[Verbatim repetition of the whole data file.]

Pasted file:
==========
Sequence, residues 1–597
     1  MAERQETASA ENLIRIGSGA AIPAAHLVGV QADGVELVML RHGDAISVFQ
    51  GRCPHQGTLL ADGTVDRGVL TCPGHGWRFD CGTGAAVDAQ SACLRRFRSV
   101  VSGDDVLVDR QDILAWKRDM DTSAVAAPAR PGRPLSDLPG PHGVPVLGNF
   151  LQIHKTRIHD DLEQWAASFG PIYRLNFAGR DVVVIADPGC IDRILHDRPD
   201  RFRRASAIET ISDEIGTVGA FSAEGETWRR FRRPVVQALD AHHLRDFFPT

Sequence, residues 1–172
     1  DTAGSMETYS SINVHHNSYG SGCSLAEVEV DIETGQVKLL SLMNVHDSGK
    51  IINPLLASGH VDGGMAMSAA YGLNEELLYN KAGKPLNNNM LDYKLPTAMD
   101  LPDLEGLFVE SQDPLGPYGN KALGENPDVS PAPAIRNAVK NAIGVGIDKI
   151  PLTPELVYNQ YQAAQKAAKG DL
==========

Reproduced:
Sequence, residues 1–597
     1  MAERQETASA ENLIRIGSGA AIPAAHLVGV QADGVELVML RHGDAISVFQ
    51  GRCPHQGTLL ADGTVDRGVL TCPGHGWRFD CGTGAAVDAQ SACLRRFRSV
   101  VSGDDVLVDR QDILAWKRDM DTSAVAAPAR PGRPLSDLPG PHGVPVLGNF
   151  LQIHKTRIHD DLEQWAASFG PIYRLNFAGR DVVVIADPGC IDRILHDRPD
   201  RFRRASAIET ISDEIGTVGA FSAEGETWRR FRRPVVQALD AHHLRDFFPT

Sequence, residues 1–172
     1  DTAGSMETYS SINVHHNSYG SGCSLAEVEV DIETGQVKLL SLMNVHDSGK
    51  IINPLLASGH VDGGMAMSAA YGLNEELLYN KAGKPLNNNM LDYKLPTAMD
   101  LPDLEGLFVE SQDPLGPYGN KALGENPDVS PAPAIRNAVK NAIGVGIDKI
   151  PLTPELVYNQ YQAAQKAAKG DL